Resources. Looking at the resource side of it, this region is abundant in hydroelectric power. It is home to over 65 percent of the glaciers in the region, and consequently the largest regional source of freshwater. Quoting official figures, at 40,000 MW, the country singularly holds over 4 percent of the total hydroelectricity potential of the world.[9] With respect to mineral wealth, the presence of over 400 deposits of 70 different minerals has been discovered across the country which includes rare earth metals.[10] Moreover, some Chinese reports recently even claimed the existence of over 145 deposits of gold in the country.[11] As an energy-rich and resource-abundant region, Tajikistan holds immense potential to drive the growth story of any developing country – which in this case is China.

What are India’s options?

As events in the region unfold, India needs to acknowledge that while the growing presence of an adversary in the region threatens Indian interests, its own accelerated engagement – through a measured mix of diplomatic-economic-military investment – shall simultaneously defend as well as further build on the existing opportunities for New Delhi. The best point to start with shall be the existing bilateral relations shared between Dushanbe and New Delhi – historic, strong, and mutually beneficial.

Overlapping Indo-Tajik Concerns. India shares common regional interests as well as threats with Tajikistan which date back to as early the Afghan war when the two countries collectively supported the anti-Taliban Northern Alliance fighters. Like India, transnational flow of extremism and terror elements (through the porous Afghan border) fairs up high in Tajik security concerns. Additionally, while state-sponsored terrorism from Pakistan is a cause of perpetual nuisance in India’s eastern frontiers, similar instances of active support from Pakistan-based militants to various militant groups like ‘Hizb-ut-Tahrir’ (HT) and ‘Islamic Movement of Uzbekistan’ (IMU) operating in Central Asia pose a major risk for Tajikistan’s stability.[12] The fact that Pakistan is separated from Tajikistan with a narrow stretch of 14 km through the Wakhan corridor only worsen these outlined threats. Moreover, with both the countries simultaneously facing another common threat currently – ill-thought Chinese aggression – the areas of overlapping security interests provide enough space for regional collaboration. The two countries have already explored collaboration in areas of counter-insurgency and counter-terrorism in the past. Considering mutual interests, the full potential of these collaborations needs to be realised and furthered with urgency.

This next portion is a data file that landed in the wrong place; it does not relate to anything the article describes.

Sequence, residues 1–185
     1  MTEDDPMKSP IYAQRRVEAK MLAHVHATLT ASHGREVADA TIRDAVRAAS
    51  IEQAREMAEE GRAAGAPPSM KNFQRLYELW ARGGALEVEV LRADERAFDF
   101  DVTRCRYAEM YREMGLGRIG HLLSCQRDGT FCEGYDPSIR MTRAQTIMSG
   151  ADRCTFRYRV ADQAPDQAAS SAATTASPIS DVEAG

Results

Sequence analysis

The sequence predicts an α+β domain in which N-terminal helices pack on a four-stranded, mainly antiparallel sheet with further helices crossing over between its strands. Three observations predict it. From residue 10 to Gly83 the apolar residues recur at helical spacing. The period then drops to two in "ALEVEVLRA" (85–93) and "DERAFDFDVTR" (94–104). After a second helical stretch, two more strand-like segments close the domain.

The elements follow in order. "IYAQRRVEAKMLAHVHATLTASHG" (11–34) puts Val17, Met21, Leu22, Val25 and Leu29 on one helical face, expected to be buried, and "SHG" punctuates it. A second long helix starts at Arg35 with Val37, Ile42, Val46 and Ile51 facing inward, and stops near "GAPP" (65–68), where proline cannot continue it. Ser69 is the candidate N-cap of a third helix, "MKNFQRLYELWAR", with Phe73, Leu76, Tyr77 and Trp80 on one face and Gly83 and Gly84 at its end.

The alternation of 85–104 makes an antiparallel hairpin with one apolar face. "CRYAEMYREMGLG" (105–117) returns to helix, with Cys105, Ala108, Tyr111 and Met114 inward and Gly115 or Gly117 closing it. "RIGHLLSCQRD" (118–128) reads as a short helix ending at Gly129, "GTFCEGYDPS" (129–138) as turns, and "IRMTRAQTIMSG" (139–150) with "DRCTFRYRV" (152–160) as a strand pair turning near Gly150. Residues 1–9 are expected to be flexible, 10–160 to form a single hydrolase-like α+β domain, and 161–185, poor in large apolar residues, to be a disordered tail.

Building Military Capability. An area that could be best suited for furthering collaboration on mutual interests of the two countries is military cooperation. To put this in perspective, India and Tajikistan already share deep defense ties. Built during the Afghan war for providing medical help to Northern Alliance fighters, the Farkhor Airbase, located 130 km southeast of Dushanbe and about 60 km from the Afghan border[13][14], is India’s only military base abroad. Currently, it is jointly operated by the Indian and Tajik Air Force. Additionally, further northwards, the Ayni Air Base too, located 10 km west of Dushanbe, hosts limited India military presence. It was renovated by India between 2002 and 2010[15] and has been a subject speculation regarding Indian aspirations of setting it up as a military base since then. In the event of the closure of Pakistani airspace, this route can prove highly beneficial in connecting India to Afghanistan, as it already has on earlier instances.[16]  Interestingly, its location at a very short flying distance from the closest Pakistani land – further offers India a strategic advantage with respect to its western adversary.